By J.D. ALT What you believe America can build—or rebuild—as a collective society hinges on how you answer one fundamental question: When the U.S. government issues a treasury bond, is it “borrowing” money that must be repaid with future tax-dollars—or is it “creating” money that can be spent to accomplish big and important collective goals? Getting the right answer to this question could be existentially important. As I’m writing, for example, Hurricane Florence is unleashing historical damage to the U.S. Atlantic coast and inland areas. Over the next weeks and months, the inevitable debate will unfold over how much America can afford to “pay” to make the lives of tens of thousands of families and thousands of local communities whole and functional again. This time, perhaps, the
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By J.D. ALT
What you believe America can build—or rebuild—as a collective society hinges on how you answer one fundamental question: When the U.S. government issues a treasury bond, is it “borrowing” money that must be repaid with future tax-dollars—or is it “creating” money that can be spent to accomplish big and important collective goals?
Getting the right answer to this question could be existentially important. As I’m writing, for example, Hurricane Florence is unleashing historical damage to the U.S. Atlantic coast and inland areas. Over the next weeks and months, the inevitable debate will unfold over how much America can afford to “pay” to make the lives of tens of thousands of families and thousands of local communities whole and functional again. This time, perhaps, the debate will go even further: it might begin to earnestly ask the bigger questions about the future of our coastal cities and infrastructures in an unfolding era of climate change. These bigger questions will not involve billion-dollar budgets, but trillions of dollars of federal expenditures.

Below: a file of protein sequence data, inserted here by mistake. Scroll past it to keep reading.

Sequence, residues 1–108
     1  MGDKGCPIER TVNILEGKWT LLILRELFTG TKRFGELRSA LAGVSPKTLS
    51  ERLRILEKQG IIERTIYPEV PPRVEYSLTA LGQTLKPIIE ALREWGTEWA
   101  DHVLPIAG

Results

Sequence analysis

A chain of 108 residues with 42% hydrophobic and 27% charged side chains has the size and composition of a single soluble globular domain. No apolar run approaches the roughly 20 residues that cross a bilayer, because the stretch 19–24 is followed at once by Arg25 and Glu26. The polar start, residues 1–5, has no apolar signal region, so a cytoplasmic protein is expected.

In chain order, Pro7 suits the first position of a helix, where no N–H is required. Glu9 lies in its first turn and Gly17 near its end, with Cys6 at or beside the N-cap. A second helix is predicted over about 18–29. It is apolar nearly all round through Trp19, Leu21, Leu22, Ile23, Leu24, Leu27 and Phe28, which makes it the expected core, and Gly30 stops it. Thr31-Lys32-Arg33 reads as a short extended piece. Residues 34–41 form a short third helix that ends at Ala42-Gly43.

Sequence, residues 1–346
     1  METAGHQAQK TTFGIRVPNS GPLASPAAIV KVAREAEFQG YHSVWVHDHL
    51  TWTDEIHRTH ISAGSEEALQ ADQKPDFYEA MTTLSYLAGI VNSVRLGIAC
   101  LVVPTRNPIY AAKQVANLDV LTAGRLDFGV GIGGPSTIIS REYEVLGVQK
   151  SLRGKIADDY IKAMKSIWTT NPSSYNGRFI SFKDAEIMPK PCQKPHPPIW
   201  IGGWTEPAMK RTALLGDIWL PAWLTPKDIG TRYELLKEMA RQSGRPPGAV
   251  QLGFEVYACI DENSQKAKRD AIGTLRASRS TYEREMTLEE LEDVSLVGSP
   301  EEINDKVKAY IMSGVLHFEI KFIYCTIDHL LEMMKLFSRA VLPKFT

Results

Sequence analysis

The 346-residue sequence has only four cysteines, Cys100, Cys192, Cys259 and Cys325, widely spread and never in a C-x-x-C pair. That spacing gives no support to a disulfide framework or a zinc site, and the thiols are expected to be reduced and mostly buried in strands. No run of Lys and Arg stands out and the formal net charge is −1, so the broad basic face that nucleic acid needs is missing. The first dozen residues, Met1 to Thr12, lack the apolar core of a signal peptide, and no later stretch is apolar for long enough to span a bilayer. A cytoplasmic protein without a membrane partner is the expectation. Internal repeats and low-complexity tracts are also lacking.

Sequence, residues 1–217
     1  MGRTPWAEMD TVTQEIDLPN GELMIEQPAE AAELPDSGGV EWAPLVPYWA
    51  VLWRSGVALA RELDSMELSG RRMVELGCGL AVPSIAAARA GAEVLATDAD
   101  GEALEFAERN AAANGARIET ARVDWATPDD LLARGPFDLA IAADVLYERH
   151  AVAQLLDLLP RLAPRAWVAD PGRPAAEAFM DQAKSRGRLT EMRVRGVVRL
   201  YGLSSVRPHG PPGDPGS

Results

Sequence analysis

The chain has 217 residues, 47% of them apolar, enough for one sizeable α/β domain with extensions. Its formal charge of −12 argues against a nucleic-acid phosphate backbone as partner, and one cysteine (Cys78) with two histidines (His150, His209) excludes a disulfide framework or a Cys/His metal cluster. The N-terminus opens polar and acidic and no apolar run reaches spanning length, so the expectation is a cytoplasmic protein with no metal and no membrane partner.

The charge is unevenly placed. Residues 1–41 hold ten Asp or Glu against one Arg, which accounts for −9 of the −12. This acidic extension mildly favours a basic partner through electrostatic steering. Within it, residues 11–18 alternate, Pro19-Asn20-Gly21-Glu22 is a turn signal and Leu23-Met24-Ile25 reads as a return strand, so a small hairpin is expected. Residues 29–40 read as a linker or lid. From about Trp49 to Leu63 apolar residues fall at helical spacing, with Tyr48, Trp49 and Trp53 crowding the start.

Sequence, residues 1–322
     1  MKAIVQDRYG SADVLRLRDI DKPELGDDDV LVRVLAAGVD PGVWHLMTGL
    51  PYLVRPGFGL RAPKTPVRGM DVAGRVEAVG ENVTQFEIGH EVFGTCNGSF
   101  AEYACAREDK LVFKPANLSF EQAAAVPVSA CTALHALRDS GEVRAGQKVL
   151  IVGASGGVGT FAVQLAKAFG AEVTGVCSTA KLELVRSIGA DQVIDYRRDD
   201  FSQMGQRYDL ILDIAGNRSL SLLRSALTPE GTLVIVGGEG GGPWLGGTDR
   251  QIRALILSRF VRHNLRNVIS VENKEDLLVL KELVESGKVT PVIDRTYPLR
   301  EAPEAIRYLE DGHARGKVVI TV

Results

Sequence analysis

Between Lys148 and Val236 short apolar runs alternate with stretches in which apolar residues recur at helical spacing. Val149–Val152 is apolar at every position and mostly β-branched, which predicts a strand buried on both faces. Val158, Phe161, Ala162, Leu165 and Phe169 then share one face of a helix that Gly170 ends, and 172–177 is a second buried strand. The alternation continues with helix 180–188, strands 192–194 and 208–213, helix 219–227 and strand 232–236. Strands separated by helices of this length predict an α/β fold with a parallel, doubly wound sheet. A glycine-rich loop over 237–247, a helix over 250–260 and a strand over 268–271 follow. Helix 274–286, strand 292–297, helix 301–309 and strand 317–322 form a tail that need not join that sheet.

This is why my opening question is so important. What we can allow ourselves to do—indeed, what can we pay ourselves to undertake and accomplish as a collective society—depends on the answer.
Before examining the question in more detail, let’s outline the basic puzzle we’re talking about. The U.S. treasury is the spending apparatus of the federal government. Congress democratically agrees upon and tells the treasury what to spend money on, and the treasury duly spends the necessary dollars. If it does not have enough dollars in its tax accounts at the various Federal Reserve banks to meet the expenditures stipulated by Congress, the treasury issues bonds to make up the difference. The bonds are traded (usually to financial institutions) for dollars (bank reserves) which the treasury then uses to pay out the balance of the spending obligations it has been assigned.
This is the common understanding of the puzzle—and the reason most people will initially answer that when the U.S. government issues a treasury bond it is “borrowing” dollars (from the financial institutions who trade for the bond) which must be repaid with future tax-dollars (when the bond matures). What other interpretation could there be? And it’s an interpretation that makes it difficult for America to commit to large, expensive undertakings—such as rebuilding (better and smarter) after a major hurricane, rather than fecklessly dabbing at the wounds (as we’ve done with Katrina, Sandy, Harvey and Maria).